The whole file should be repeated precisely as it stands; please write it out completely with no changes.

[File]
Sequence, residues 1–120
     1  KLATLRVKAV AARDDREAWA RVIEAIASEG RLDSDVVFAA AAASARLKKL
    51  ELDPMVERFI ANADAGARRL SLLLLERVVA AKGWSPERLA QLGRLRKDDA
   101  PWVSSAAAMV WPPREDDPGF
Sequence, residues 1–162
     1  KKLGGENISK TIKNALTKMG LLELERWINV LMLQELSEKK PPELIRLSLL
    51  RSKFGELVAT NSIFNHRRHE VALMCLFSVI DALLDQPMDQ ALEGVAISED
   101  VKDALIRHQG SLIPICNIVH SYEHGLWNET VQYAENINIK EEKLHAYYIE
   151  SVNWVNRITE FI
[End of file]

Sequence, residues 1–120
     1  KLATLRVKAV AARDDREAWA RVIEAIASEG RLDSDVVFAA AAASARLKKL
    51  ELDPMVERFI ANADAGARRL SLLLLERVVA AKGWSPERLA QLGRLRKDDA
   101  PWVSSAAAMV WPPREDDPGF
Sequence, residues 1–162
     1  KKLGGENISK TIKNALTKMG LLELERWINV LMLQELSEKK PPELIRLSLL
    51  RSKFGELVAT NSIFNHRRHE VALMCLFSVI DALLDQPMDQ ALEGVAISED
   101  VKDALIRHQG SLIPICNIVH SYEHGLWNET VQYAENINIK EEKLHAYYIE
   151  SVNWVNRITE FI